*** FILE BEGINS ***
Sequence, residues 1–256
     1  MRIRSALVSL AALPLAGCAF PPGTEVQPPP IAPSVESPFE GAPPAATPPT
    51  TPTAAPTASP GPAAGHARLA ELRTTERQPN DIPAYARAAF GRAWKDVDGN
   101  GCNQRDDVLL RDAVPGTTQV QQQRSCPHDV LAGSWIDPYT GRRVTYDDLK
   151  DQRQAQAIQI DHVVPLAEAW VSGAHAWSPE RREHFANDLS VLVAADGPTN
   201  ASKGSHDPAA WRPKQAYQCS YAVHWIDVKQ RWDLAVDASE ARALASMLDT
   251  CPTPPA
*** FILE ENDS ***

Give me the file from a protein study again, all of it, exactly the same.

Sequence, residues 1–256
     1  MRIRSALVSL AALPLAGCAF PPGTEVQPPP IAPSVESPFE GAPPAATPPT
    51  TPTAAPTASP GPAAGHARLA ELRTTERQPN DIPAYARAAF GRAWKDVDGN
   101  GCNQRDDVLL RDAVPGTTQV QQQRSCPHDV LAGSWIDPYT GRRVTYDDLK
   151  DQRQAQAIQI DHVVPLAEAW VSGAHAWSPE RREHFANDLS VLVAADGPTN
   201  ASKGSHDPAA WRPKQAYQCS YAVHWIDVKQ RWDLAVDASE ARALASMLDT
   251  CPTPPA